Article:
Apprentices serve the worldly needs of wizards and other magical professionals. They gain familiarity with the workings of magic , and basic literacy.

Merchants have many assistants and retainers. Those who grew up around them would have the fundamentals of Business Sense, and familiarity with Detecting Lies.

Retainers are the household staff of the nobility, the wealthy and the powerful. The gain familiarity with the mundane Servant talent, and familiarity with the basic of courtly graces.

Scribes serve the paperwork needs of any complex society. This upbringing would provide familiarity with Literacy as well as writing.

Officials execute the will of those in power, other collecting taxes, enforcing laws, or simply announcing judgements. This would give one in this environment familiarity with Literacy and basic diplomacy.

Hustler upbringings

These upbringings are those who live on the fringes of society, making their way by means that are less than socially acceptable. Growing up this way may not always lead to a life of crime, but it would give you a better understanding of those that do.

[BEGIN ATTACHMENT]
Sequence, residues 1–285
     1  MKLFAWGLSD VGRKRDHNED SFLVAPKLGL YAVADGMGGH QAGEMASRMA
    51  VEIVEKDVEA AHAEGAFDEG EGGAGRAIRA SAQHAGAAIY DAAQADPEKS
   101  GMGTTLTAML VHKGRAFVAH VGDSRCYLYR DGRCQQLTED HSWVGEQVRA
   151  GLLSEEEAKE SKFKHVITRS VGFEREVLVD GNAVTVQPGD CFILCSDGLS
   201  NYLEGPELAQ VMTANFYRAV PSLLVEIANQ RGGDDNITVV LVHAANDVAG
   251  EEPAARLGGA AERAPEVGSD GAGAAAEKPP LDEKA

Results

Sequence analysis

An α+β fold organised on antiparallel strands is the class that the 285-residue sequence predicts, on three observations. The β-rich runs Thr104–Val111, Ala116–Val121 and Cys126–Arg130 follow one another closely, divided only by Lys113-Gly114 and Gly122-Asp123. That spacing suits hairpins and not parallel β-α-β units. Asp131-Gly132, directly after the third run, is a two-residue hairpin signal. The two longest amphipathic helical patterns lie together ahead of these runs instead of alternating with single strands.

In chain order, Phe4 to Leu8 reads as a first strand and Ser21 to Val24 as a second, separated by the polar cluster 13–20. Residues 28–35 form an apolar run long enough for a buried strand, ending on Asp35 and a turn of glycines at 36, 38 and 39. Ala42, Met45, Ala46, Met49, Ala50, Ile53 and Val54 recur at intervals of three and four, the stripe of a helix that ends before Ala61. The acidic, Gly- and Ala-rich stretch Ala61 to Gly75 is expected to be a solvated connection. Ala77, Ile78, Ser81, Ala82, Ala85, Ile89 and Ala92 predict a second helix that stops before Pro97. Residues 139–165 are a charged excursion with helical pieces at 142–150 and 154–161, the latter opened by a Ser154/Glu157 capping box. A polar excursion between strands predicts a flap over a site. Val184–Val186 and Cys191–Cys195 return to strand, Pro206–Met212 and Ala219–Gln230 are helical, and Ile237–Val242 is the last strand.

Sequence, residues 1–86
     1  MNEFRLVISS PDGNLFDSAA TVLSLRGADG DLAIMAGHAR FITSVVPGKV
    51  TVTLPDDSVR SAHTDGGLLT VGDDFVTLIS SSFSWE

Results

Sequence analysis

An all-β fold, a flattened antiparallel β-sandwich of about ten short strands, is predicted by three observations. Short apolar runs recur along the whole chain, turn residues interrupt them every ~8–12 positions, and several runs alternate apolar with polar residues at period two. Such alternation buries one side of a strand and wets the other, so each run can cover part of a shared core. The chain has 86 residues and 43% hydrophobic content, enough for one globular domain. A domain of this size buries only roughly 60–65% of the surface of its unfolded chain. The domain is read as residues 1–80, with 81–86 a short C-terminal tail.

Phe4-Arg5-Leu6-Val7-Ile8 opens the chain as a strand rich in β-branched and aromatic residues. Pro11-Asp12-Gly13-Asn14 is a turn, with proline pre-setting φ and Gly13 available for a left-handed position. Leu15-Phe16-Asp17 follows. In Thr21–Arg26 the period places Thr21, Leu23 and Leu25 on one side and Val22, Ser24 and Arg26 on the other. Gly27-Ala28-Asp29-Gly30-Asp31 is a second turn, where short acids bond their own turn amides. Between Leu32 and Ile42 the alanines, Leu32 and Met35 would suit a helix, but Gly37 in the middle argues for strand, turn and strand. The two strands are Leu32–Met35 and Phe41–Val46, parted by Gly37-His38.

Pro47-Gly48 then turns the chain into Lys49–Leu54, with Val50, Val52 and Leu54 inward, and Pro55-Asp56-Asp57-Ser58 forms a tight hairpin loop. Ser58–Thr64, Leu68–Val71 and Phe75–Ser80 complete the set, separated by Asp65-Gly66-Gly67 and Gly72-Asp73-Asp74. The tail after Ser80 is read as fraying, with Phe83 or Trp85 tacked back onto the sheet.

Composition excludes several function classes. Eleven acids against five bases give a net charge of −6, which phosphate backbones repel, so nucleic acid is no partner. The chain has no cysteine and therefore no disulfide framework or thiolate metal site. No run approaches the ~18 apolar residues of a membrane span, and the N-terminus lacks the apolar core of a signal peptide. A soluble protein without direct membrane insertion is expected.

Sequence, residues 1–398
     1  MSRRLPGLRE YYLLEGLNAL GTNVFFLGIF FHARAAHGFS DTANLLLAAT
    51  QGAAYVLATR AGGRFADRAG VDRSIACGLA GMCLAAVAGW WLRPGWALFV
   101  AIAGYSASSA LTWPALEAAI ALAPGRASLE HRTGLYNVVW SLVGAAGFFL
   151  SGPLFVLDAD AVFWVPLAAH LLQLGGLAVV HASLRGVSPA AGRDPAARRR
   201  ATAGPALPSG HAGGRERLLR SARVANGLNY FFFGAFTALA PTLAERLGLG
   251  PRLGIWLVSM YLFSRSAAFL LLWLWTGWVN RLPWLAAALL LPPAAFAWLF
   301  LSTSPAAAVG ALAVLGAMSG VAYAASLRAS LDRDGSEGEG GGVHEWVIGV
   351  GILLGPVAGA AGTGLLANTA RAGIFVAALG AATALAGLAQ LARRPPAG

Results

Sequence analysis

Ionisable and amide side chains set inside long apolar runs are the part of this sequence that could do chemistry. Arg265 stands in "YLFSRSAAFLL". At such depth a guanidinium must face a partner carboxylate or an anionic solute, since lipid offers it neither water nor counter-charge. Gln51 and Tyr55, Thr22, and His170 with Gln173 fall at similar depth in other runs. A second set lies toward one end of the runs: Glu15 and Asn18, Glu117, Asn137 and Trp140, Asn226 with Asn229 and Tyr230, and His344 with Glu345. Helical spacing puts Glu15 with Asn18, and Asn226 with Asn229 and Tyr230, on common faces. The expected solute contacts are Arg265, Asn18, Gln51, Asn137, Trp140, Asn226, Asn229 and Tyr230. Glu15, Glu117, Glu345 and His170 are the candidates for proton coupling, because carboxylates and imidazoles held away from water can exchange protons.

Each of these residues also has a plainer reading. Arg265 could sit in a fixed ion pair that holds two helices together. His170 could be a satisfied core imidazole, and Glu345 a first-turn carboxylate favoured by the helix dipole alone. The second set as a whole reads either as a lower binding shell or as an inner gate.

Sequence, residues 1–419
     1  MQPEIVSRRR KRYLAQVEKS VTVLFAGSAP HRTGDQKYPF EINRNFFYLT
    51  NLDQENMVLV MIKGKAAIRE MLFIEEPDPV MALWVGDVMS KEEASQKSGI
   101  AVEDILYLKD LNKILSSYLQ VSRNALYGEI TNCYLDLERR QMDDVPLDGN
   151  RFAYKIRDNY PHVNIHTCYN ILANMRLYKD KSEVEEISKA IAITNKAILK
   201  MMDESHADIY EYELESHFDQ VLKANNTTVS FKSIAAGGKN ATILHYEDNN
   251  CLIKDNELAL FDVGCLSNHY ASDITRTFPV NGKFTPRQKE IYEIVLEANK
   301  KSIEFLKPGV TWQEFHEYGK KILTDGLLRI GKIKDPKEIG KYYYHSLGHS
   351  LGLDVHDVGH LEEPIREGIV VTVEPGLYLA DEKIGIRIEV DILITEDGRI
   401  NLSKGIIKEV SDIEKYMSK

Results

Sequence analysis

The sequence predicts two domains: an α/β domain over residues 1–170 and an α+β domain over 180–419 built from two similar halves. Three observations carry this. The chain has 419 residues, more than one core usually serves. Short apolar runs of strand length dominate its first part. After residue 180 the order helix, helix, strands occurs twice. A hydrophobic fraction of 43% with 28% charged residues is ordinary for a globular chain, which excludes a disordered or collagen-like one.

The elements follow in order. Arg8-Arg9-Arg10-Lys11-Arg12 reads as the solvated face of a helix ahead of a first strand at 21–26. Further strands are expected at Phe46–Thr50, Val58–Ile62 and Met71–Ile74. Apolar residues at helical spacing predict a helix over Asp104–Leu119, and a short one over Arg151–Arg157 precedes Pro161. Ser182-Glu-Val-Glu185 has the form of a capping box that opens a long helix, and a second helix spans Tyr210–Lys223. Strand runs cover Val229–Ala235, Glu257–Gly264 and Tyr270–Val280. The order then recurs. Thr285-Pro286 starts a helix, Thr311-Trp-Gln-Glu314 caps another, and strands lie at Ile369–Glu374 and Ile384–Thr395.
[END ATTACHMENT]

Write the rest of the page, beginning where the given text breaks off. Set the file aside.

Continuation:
Beggars survive by generosity of others, and learn many tricks to maximize this generosity. This upbringing give a figure familiarity with streetwise, as well as the basics of either charisma or disguise.

Burglars take what they need, and hope to get away clean. Growing up around them would teach a figure familiarity with detecting traps, as well as recognize value.

Charlatans are con-men, grifters, fortune-tellers or petty frauds. This life would give familiarity with streetwise, and the basics of the charisma it takes to live this way.